The very first prototype was supposed to be a pattern type plane and Yak was no where in the thought process when I designed it. We tried several different construction techniques to get the most rigid plane that we could. We ended up with a construction technique similar to what is on the RC Factory Clik but it had a laminated EPP wing with three layes a different thickness EPP. Keep in mind this was well before the two companies came together.
The main thing we learned from this first prototype was about SFGs, turbulators, leading edge slots and other aero devices that might help in our design goal. We experimented with everything from canards to spades to vortex generators trying to find out what really works with small EPP stuff and flat plate wings. From these tests we came upon the leading edge design, SFG shape and locations and aileron counterbalance design that would eventually end up in the Crack Yak. We also figured out the right dimensions and geometry of a plane that would yield the flight characteristics that Brad and I both agreed would be what we were looking for.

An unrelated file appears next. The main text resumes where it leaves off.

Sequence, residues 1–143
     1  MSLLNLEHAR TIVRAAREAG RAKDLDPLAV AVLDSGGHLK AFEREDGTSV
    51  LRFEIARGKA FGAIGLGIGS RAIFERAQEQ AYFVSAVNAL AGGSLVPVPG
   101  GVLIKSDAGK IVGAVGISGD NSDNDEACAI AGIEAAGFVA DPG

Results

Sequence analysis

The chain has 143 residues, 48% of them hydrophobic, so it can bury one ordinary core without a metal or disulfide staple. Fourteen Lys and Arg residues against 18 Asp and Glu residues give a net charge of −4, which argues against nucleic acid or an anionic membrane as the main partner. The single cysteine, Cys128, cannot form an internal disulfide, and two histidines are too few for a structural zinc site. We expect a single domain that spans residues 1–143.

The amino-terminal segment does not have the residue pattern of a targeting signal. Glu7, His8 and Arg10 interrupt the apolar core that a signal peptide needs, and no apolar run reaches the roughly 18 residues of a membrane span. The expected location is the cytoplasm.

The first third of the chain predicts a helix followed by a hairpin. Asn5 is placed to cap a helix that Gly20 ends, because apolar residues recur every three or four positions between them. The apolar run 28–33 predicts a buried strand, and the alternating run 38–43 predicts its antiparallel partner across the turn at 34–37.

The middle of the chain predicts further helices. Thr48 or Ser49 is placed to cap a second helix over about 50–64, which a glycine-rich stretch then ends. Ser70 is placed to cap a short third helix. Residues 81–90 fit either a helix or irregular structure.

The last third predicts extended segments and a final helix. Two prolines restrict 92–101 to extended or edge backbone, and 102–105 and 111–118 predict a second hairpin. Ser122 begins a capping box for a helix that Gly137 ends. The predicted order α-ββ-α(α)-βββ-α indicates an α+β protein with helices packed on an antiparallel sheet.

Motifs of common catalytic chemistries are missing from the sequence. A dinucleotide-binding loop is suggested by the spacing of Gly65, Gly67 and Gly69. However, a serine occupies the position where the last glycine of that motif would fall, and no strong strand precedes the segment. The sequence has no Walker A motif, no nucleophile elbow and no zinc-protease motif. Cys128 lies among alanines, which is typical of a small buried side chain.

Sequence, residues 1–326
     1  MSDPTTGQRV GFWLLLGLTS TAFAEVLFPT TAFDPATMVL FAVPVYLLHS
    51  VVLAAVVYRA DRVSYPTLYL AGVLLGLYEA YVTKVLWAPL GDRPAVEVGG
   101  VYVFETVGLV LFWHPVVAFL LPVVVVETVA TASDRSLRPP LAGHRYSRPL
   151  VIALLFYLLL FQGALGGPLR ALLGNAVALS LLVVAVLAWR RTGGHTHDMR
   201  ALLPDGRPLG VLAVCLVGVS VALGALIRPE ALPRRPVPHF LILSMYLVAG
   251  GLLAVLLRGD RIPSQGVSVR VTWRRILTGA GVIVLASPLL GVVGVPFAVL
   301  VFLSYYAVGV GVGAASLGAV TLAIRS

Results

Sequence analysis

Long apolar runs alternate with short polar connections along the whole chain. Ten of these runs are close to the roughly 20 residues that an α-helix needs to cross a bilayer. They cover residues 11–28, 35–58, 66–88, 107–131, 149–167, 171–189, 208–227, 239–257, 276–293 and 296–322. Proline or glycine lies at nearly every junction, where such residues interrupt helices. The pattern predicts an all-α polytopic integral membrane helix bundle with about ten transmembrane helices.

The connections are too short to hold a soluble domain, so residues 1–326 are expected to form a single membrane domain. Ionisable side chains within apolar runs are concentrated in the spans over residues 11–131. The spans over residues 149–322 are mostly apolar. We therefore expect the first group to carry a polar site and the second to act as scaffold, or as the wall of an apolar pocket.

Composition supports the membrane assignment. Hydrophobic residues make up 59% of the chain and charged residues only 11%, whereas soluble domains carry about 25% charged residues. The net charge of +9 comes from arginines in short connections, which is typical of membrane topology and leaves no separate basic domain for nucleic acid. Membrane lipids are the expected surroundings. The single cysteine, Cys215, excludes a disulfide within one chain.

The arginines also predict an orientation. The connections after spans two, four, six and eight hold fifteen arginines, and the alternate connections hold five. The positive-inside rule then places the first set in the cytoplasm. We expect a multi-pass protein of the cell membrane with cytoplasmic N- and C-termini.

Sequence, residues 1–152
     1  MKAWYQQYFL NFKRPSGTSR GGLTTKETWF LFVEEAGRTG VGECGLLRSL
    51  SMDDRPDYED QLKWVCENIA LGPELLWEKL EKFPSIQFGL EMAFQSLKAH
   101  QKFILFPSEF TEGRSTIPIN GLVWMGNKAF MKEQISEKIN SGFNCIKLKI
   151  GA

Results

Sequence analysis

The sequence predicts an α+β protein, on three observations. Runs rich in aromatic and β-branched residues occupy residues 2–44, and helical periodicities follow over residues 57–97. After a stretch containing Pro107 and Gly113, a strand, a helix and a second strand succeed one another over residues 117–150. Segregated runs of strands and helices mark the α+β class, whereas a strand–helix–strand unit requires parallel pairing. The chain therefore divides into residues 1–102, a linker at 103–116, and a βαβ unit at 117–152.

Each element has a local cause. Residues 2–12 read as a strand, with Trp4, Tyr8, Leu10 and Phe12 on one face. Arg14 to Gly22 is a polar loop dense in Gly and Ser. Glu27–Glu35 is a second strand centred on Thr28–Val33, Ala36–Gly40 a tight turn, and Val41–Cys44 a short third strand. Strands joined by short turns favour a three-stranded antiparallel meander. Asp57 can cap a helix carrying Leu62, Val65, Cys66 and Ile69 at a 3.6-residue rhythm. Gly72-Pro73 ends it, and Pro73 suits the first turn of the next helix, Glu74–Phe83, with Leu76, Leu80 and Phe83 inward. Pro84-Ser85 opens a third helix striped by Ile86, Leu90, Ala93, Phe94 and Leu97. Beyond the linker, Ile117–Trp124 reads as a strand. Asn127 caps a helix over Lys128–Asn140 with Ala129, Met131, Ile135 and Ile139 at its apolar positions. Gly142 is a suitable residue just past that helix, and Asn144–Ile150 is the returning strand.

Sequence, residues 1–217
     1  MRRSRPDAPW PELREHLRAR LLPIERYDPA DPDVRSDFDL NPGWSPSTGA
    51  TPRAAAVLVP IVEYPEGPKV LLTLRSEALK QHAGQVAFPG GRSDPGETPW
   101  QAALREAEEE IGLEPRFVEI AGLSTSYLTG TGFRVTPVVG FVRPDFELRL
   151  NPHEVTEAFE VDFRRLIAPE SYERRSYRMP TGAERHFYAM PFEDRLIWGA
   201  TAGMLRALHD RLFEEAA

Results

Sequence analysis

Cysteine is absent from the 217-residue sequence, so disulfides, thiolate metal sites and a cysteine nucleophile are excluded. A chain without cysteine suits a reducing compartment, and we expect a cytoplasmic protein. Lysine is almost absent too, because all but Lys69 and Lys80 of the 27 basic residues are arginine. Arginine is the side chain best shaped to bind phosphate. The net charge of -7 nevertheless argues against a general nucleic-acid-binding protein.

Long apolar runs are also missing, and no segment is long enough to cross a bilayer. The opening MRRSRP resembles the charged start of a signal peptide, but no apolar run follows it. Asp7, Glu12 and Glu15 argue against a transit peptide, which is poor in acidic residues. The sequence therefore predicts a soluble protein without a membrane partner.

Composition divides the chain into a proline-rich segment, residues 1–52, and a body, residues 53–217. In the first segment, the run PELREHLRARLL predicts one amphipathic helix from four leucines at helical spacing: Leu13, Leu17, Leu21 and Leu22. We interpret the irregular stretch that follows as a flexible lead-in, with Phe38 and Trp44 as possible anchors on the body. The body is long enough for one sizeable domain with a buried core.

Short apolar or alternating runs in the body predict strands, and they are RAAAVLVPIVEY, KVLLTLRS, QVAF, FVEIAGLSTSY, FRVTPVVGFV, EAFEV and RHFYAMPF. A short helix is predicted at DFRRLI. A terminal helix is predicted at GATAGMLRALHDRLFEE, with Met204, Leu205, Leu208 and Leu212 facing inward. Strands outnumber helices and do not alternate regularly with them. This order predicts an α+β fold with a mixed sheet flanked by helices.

The end result at the time ended up being too complicated and expensive to kit given Twisted's in-house production capability. About the same time the Telink stuff showed up and we left the project unfinished.
Then Brad got the bug to do a Yak and asked me if I wanted to do it. He loved the old Yak 55 that started this whole small EPP profile segment and wanted to do something similar. I felt that the Yak was over done and that if I saw another model of a Yak 55 I might just poke my own eyes out. The end result of that discussion was that we would look into doing a Yak but that it would be a Yak done how I envisioned a Yak should be.